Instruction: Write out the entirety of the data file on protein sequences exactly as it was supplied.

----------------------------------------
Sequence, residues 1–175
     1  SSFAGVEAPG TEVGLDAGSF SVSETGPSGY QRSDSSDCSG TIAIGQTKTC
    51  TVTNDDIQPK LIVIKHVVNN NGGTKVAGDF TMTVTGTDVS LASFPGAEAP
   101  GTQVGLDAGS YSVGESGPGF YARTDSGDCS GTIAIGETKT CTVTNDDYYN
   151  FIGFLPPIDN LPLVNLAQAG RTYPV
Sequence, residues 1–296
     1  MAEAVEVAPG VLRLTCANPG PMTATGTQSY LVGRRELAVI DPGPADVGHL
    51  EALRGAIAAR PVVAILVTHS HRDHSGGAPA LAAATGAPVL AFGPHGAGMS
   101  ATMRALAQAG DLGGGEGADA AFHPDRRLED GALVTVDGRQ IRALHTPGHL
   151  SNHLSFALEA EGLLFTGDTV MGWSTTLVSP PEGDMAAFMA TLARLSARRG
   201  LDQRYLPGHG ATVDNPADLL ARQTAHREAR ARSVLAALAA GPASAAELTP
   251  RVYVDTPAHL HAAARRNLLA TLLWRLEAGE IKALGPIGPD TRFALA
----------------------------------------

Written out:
Sequence, residues 1–175
     1  SSFAGVEAPG TEVGLDAGSF SVSETGPSGY QRSDSSDCSG TIAIGQTKTC
    51  TVTNDDIQPK LIVIKHVVNN NGGTKVAGDF TMTVTGTDVS LASFPGAEAP
   101  GTQVGLDAGS YSVGESGPGF YARTDSGDCS GTIAIGETKT CTVTNDDYYN
   151  FIGFLPPIDN LPLVNLAQAG RTYPV
Sequence, residues 1–296
     1  MAEAVEVAPG VLRLTCANPG PMTATGTQSY LVGRRELAVI DPGPADVGHL
    51  EALRGAIAAR PVVAILVTHS HRDHSGGAPA LAAATGAPVL AFGPHGAGMS
   101  ATMRALAQAG DLGGGEGADA AFHPDRRLED GALVTVDGRQ IRALHTPGHL
   151  SNHLSFALEA EGLLFTGDTV MGWSTTLVSP PEGDMAAFMA TLARLSARRG
   201  LDQRYLPGHG ATVDNPADLL ARQTAHREAR ARSVLAALAA GPASAAELTP
   251  RVYVDTPAHL HAAARRNLLA TLLWRLEAGE IKALGPIGPD TRFALA